What I like about the Cambridge Unit 1 book:
lingua wrote:What is it that you like about the Cambridge books? I'm not all that happy with any of the Latin texts that I have. I am probably going to buy the Lingua Latina books sometime next year.
1) The graded stories start out extremely simple and slowly become more complex as new words, case endings, or verb conjugations are introduced.
2) It feels like they put a lot of consideration into choosing phrasing so that it reinforces the point they are trying to teach (or something previously learned). For example, to reinforced verb conjugations, there might be a section like:
60 denarius for this toga."
60 denarios! No way. I offer you
"You offer me
10 denarios! What an insult. I want
By seeing "I want" right next to "you want" it reinforces the different verb conjugations in an effective way. Plus, seeing "you offer me" next to "I offer you" back to back reinforces how to say "to me" vs. "to you".
3) While I wouldn't call the graded stories riveting, they are interesting enough that I'm eager to keep reading them, and they occasionally even make me laugh out loud or fume silently - one story was about election fraud (there is an actual word in Latin specifically for the people whose job it is to bribe voters to support a specific candidate, and apparently it was not uncommon for people who weren't legally allowed to vote to pretend to be someone else in order to vote for a candidate so that they could accept this bribe. Man, Italy never had a chance
4) The feeling I get from the book is that the stories drive the vocabulary introduced, not the other way around. A lot of very common vocabulary is introduced and learned effortless simply from encountering it repeatedly, but there is also some less-frequent vocabulary thrown in (like the words farm manager
). It doesn't feel like someone took a list of the 1,000 most common Latin words then tried to create artificial stories based on those words (though who knows, that's probably what they did). It feels more like they tried to come up with simple stories based on every day life that just happened to use a lot of beginner vocab.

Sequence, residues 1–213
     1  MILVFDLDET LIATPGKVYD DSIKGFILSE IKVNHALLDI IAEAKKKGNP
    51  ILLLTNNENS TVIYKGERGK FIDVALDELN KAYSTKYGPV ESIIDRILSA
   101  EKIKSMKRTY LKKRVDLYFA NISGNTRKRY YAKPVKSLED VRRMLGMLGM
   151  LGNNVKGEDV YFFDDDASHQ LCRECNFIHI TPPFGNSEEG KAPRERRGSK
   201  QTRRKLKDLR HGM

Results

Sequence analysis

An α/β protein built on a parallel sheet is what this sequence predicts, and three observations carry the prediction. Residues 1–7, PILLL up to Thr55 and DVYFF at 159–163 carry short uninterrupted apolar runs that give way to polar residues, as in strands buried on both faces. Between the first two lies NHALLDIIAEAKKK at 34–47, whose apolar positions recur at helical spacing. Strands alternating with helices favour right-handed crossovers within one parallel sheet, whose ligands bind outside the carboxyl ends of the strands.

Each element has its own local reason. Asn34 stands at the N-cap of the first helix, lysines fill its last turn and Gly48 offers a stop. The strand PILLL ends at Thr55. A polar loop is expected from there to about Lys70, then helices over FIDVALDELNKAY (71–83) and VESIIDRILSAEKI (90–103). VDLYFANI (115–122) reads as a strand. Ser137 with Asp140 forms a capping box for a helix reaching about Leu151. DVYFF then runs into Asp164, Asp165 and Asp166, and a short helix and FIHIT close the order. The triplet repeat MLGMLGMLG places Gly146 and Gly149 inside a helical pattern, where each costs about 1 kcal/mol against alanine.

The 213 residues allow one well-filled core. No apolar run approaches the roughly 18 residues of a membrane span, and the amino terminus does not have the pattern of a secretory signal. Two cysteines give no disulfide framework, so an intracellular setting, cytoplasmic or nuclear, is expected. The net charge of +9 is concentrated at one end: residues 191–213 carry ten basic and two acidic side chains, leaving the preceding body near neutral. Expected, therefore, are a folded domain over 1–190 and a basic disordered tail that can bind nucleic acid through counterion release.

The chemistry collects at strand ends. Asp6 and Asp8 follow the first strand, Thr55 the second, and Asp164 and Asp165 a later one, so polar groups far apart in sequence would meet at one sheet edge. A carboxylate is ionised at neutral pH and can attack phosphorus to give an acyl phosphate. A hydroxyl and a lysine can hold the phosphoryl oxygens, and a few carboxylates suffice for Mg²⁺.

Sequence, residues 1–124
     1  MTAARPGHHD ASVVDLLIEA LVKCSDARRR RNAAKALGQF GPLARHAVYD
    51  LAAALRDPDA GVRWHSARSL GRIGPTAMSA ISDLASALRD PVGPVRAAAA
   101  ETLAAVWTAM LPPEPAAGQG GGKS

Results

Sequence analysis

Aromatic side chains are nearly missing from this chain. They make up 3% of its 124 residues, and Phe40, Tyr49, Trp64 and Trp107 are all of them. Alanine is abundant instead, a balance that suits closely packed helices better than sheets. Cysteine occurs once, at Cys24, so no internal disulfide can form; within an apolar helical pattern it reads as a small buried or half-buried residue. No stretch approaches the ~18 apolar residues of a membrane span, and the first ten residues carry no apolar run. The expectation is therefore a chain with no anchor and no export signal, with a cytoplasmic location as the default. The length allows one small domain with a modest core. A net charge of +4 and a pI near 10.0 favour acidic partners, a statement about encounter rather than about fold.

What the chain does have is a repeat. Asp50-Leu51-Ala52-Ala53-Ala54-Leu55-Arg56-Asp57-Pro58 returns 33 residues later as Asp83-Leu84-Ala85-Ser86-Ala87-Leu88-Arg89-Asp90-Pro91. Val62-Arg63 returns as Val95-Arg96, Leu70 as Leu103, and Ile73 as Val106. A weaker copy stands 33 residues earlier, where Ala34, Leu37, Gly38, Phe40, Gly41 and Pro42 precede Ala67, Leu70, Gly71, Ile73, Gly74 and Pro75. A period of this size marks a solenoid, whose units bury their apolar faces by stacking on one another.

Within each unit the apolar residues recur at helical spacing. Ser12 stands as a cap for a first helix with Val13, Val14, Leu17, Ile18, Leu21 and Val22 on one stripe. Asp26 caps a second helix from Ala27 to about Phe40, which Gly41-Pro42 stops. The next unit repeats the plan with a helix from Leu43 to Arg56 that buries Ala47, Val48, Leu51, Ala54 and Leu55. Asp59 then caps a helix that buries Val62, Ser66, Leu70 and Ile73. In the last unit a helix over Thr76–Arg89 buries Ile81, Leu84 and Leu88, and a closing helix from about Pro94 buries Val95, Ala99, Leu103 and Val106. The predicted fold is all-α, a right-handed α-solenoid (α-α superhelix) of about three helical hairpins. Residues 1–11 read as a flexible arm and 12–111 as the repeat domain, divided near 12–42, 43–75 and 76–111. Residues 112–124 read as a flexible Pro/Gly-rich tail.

5) I like the way they teach grammar concepts; after a few stories there's a simple and short page that looks something like: "you probably noticed that certain words had x ending. This is because it's x declension. Below is a short table with 3 examples of how certain word endings change in x declension." Then these ending continue to be repeated in the following stories until they are fairly easy to identify. Even if I can't use the proper endings, myself, I can at least recognize these endings when I see them now. The book also does a good job at reminding you what the noun is in the nominative (regular dictionary form) case before introducing it in a changed format with a different case to reinforce the fact that the ending is changing and what it changes to.
"why are you headed into town," asks Holconius
. "I need to get home," Caecilius tells Holconio
. (<diff case ending)
6) I also like the way the book intersperses historical information of every day life in Pompei, which always has something to do with the short stories presented in the chapter. All of the short stories involve typical things that people in Ancient Rome would have done, which includes events that actually happened (like a riot in which people were killed)